After Tony Blair: The First Labour Party Annual Conference under the Leadership of New Prime Minister, Gordon Brown, Revealed Few Foreign Policy Surprises, Observes Westminster Commentator and Political Analyst Adel Darwish

By Darwish, Adel | The Middle East, November 2007 | Go to article overview

After Tony Blair: The First Labour Party Annual Conference under the Leadership of New Prime Minister, Gordon Brown, Revealed Few Foreign Policy Surprises, Observes Westminster Commentator and Political Analyst Adel Darwish


Darwish, Adel, The Middle East


WITHIN MOMENTS OF Foreign Secretary David Miliband's first speech to the annual party conference in September, news networks began rounding up the usual suspects for their analysis on whether, under new prime minister Gordon Brown, Britain was about to see a substantial change in foreign policy?

Was the youngest Labour foreign minister in three decades, voicing his master Gordon Brown's thinking of a 'new vision', or was the ship sailing the same old course, reprinted on fancy charts to woo an electorate suspicious of the logic of our US ally's foreign policy?

A new course, different from Washington's, which would therefore distance Brown from his predecessor Tony Blair, inventor of the term 'ethical foreign policy' that took the UK into four wars, was what was called for. But was it what the British electorate got?

Arab journalists took Miliband's words at face value. They alarmed--or delighted--their readers by, wrongly, concluding that Her Majesty's government was on a new course flying in the face of America.

Not familiar with the subtleties of Westminster's frequently ambiguous terminology, some American reporters also questioned 'a rift' between the two war allies? Could it be Brown was worried by the new Franco-American love affair, especially since President Nicolas Sarkozy, who is taking a much tougher line on Iran than Brown's, was invited to address a joint session of the Congress.

Pulling British troops out of Iraq contradicts an earlier understanding--Tony Blair's vow of 'standing shoulder to shoulder' with the US, which intimated that troops who went in together would pull out together. Washington, rife with gossip about 'defeat' in Basra, fuelled speculation, in the UK and the Middle East, that the French, who risked neither lives nor money, might have already stepped into the breach.

Unlike his speeches as Chancellor of the Exchequer, Prime Minister Brown's view of the world at the Labour Party conference lacked clarity.

Foreign affairs, which have loomed so large over the Labour government's recent fate, was given only passing attention. Brown ticked boxes rather than setting out a coherent world view.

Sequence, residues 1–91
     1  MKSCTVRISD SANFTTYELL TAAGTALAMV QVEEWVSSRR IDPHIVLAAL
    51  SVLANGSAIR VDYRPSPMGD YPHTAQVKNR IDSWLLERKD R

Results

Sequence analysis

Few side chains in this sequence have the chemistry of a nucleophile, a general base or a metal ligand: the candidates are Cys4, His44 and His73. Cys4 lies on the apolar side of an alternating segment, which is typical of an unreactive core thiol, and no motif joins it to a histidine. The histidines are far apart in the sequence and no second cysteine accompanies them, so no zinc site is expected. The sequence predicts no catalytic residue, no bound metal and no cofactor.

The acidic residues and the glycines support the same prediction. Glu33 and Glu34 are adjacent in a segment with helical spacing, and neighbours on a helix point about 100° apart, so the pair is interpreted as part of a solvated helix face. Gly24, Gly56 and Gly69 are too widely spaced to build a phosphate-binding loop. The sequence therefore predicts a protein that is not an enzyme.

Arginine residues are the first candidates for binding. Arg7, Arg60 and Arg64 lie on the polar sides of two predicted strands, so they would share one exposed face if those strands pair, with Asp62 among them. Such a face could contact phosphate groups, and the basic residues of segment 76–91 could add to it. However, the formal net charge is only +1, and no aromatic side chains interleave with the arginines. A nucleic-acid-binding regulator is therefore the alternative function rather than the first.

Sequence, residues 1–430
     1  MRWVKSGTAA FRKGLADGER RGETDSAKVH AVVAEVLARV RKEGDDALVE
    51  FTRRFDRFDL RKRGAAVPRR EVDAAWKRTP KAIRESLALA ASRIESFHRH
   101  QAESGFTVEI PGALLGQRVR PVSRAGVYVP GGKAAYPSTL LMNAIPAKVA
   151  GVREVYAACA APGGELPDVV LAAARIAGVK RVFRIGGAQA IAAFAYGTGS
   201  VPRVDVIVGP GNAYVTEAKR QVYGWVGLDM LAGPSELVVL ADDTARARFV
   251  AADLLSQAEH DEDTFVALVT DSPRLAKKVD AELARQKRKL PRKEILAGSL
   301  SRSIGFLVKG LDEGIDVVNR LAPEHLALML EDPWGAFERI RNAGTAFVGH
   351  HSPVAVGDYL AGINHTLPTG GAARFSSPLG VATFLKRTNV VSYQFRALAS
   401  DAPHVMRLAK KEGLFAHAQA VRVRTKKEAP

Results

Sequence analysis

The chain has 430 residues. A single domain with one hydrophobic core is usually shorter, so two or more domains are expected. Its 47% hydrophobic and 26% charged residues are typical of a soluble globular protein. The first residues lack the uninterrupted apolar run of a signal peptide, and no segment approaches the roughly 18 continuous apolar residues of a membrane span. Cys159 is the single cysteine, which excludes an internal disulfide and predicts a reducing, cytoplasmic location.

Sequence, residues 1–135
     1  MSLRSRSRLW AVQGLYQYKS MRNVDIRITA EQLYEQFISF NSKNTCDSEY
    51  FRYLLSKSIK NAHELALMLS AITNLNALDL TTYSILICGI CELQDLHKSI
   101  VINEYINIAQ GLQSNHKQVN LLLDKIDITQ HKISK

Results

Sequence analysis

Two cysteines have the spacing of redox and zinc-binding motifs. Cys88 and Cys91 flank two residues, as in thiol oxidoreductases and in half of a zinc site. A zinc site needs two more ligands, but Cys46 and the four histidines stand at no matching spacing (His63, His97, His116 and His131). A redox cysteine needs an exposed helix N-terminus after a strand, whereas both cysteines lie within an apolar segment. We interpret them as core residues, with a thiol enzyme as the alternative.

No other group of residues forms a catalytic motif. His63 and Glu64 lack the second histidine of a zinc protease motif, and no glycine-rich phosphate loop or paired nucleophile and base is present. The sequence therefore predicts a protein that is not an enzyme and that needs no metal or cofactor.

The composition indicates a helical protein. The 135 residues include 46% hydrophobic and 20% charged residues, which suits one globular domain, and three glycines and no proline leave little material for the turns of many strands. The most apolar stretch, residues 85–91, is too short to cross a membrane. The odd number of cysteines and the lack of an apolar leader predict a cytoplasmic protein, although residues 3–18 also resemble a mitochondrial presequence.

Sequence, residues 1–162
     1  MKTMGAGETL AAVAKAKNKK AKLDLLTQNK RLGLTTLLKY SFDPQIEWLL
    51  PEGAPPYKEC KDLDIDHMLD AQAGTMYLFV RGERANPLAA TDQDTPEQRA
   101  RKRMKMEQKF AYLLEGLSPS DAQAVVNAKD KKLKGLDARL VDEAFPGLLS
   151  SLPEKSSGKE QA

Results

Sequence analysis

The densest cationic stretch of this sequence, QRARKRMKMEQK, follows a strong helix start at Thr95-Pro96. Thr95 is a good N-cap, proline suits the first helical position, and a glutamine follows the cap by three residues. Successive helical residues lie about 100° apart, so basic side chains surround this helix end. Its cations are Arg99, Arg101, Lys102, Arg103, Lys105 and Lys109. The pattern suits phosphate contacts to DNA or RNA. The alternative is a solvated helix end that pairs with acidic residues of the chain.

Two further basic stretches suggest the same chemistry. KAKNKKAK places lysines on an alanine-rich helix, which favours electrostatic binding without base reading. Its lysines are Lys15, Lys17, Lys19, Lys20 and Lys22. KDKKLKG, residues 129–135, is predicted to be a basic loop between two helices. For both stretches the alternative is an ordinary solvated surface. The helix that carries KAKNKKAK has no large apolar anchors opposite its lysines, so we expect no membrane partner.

Arab commentators reached their false conclusion through the customary assistance of the British left who found in Miliband's speech what they missed in Brown's.

Miliband came to bury Blairite foreign policy, not to praise it. He came to lament the 'scars of 10 years of government', to explain patiently, half a dozen times, how we must all learn lessons from the past.

"A decade of good intentions" and "trying to extend western values of freedom and democracy to other countries had led many in the Muslim world to believe we are seeking not to empower them but to dominate them," Miliband noted and, while overthrowing tyrants like Saddam Hussein or Slobodan Milosevic was good work, it was not good enough without plans to rebuild the country after toppling the tyrant, he declared.

Brown's visit to British troops in Basra in October when he announced that 1,000 soldiers should be home for Christmas, backfired, being branded at home as an inappropriate photo opportunity exploiting 'the boys on the frontline' and a cheap shot to upstage the Conservative Party annual conference on the day when shadow chancellor George Osborne was making a vote winning tax-cuts promise. Also, 30% of the troops under discussion had already returned home as part of a long term strategy announced under Blair.

The afternoon a Blair years-style 'Stop the War' demonstration poured down Whitehall towards Parliament, a besieged Brown told the Commons that British troops in Iraq would be halved to 2,500 by next year.

Brown was accused of ignoring comments made by Bob Ainsworth the Armed Forces Minister to the Commons defence committee in the summer that forces in Iraq could not go below the present level of 5,000 troops while about 20,000 armed insurgents roamed through and around Basra. …

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